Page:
Need to have your eyes checked, but you’ve never been to an eye doctor before? Here’s everything you need to know before you go.
Maybe you’ve noticed that road signs are blurry or that you otherwise don’t see as well as you used to. Maybe you’re experiencing some other problems with your eyes or vision, or perhaps you just know that getting an eye exam is recommended.
Whatever your motivation for considering your first-ever visit to the eye doctor, know that it’s a great choice to make for your health. An eye exam is about more than checking how well you can see; it’s also an opportunity to make sure your entire visual system, and even your entire body, is as healthy as possible.
When should I have an eye exam?
Recommendations for children
If you have children, your pediatrician will run tests during routine health checks to look for common eye problems like lazy eye (amblyopia), misalignment of eyes (strabismus), and focusing or depth perception problems. If the pediatrician finds anything amiss, they’ll likely refer you to an eye doctor.
Children should have an eye exam around age 3, and again before they enter school, according to the American Academy of Ophthalmology (AAO). Annual eye exams are important for identifying and correcting nearsightedness and other eye troubles in school children.
Recommendations for adults
The AAO recommends getting an eye exam every one to two years if you have vision problems or risk factors for certain eye diseases.
If you have no risk factors or vision problems, then plan to visit an eye doctor when you’re 40 for a comprehensive eye exam, and follow that with visits every two to four years until you’re 54. Adults who are 55 to 65 should see an eye doctor every one to three years, and those who are 65 and older should make an annual eye exam the routine. This is because we grow more at risk for certain eye diseases as we age.
How do I know which type of eye doctor I should see?
Choosing an eye doctor can seem tricky because there are two types of eye doctors: optometrists and ophthalmologists. Both prescribe eyeglasses and contact lenses and are trained to diagnose and treat common eye problems. Learn more about their differences in this article.
Note that another type of eye care specialist, an optician, is qualified to fit your prescription eyeglasses and advise you on lens types and coatings. Opticians don’t conduct eye exams or diagnose and treat eye problems.
How should I prepare and what should I bring?
Similar to any other doctor visit, you should be prepared to answer questions about your medical history, and come with a list of any medications or supplements you’re currently taking. It’s also a good idea to come with questions you’d like to ask your eye doctor.
Your eye doctor will ask you questions about your vision history and want to hear about any problems. He or she will also be interested in knowing if you have a family history of eye problems and other disorders or diseases that affect eye health, including diabetes, high blood pressure, and heart disease.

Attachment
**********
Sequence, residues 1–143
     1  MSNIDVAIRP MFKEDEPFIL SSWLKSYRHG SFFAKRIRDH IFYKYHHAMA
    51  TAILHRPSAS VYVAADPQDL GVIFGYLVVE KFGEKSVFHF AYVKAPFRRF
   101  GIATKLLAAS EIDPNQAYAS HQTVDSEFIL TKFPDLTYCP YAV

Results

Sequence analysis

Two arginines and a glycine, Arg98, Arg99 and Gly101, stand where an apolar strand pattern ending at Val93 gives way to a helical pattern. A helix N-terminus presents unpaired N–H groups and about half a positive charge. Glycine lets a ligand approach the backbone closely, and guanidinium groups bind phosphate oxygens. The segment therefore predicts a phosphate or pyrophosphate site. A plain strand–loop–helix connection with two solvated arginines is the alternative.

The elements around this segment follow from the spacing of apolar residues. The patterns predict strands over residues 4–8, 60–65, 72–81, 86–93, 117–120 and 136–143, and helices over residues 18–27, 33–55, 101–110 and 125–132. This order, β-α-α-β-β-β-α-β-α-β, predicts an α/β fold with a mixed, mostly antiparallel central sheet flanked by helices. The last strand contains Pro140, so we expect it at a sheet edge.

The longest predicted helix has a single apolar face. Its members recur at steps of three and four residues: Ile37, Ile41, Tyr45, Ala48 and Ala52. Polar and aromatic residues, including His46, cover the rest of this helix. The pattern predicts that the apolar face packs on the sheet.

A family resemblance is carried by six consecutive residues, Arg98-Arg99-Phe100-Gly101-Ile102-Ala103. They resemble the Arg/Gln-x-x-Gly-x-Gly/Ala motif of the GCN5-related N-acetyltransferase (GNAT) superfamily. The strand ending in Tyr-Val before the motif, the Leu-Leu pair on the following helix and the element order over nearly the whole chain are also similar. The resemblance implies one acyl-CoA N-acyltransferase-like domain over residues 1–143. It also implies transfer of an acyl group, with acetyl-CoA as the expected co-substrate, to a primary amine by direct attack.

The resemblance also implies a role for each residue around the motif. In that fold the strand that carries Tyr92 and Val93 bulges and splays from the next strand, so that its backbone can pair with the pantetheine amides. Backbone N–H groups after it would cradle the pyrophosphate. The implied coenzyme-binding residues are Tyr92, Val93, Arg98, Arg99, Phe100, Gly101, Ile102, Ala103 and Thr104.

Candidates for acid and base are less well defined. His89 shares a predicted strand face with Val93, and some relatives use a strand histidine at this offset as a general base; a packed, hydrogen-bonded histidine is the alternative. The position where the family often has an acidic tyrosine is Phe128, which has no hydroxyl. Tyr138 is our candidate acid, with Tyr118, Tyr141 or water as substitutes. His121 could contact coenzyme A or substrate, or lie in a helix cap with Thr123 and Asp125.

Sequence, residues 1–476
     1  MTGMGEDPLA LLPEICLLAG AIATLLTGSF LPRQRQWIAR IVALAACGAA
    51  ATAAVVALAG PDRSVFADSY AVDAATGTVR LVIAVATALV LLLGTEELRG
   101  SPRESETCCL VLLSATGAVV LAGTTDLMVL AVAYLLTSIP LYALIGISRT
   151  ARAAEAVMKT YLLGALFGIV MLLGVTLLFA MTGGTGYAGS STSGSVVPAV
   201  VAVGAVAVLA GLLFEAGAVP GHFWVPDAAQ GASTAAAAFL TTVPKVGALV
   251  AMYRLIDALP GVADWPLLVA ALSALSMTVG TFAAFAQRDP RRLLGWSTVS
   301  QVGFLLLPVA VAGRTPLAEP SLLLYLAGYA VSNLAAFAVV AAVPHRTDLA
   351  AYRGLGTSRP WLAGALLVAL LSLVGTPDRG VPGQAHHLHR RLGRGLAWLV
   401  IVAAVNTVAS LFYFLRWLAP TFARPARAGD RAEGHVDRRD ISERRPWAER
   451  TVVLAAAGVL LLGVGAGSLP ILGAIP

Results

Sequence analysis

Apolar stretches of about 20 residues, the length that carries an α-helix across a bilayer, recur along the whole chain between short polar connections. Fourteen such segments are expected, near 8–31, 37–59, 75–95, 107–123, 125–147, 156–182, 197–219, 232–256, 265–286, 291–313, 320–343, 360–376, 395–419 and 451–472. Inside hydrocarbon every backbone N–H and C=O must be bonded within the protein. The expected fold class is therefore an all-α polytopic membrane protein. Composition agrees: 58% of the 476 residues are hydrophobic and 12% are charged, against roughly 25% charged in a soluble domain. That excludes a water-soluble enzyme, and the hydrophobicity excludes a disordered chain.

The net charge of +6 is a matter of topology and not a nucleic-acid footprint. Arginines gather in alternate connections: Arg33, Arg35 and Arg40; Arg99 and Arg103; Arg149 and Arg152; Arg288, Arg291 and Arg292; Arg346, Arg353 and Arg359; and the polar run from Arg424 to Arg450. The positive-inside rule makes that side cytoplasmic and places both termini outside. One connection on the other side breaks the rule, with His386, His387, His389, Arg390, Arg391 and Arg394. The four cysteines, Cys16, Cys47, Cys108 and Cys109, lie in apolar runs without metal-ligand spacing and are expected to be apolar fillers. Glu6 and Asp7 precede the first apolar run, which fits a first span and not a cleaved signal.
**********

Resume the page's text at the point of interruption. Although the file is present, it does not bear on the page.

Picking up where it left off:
What will happen at the exam?
Your eye doctor will run a variety of tests to ensure that your complete visual system, from brain to eyeball, is functioning as it should. He or she will also look for the early stages of eye diseases, which, when caught early, are often treatable.
After your conversation about medical and family history with the eye doctor or a technician, the exam experience typically includes some or all of these tests:
- Visual acuity test: Your eye doctor will measure your eye to see if you need glasses or contact lenses to correct your vision. During this test, your doctor will ask you to identify letters of the alphabet printed on a chart or shown on a screen. This is called a Snellen chart, and the lines of letters get progressively smaller.
- Visual field test: This tests your peripheral vision, or how well you can see from the sides without moving your eyes. You may take a manual exam and be instructed to notify your doctor when you see an object move into and disappear from your peripheral vision. Another type of visual field test involves looking at a screen with blinking lights on it, and pressing a button every time you detect a blink.
- Slit-lamp examination: This test allows your eye doctor to examine the front of your eye: your eyelids, eyelashes, cornea, iris, lens and the fluid chamber.
- Fundus photography: A digital camera will be used to take photos of the “fundus,” or back portion of the eye, so that your doctor can evaluate the health of your retina, the optic disk, and the underlying layer of blood vessels that nourish the retina. Sometimes this is called a retinal examination, ophthalmoscopy, or funduscopy.
- Dilation: Your eye doctor may use eye drops to increase the size of your pupils, which makes it easier to examine your retina.
- OCT screening: OCT stands for optical coherence tomography, which helps your eye doctor diagnose conditions of the eye and optic nerve.
- Glaucoma screening: There are two types of tests that measure the fluid pressure inside your eye. High pressure could indicate glaucoma, which is a disease that damages the optic nerve.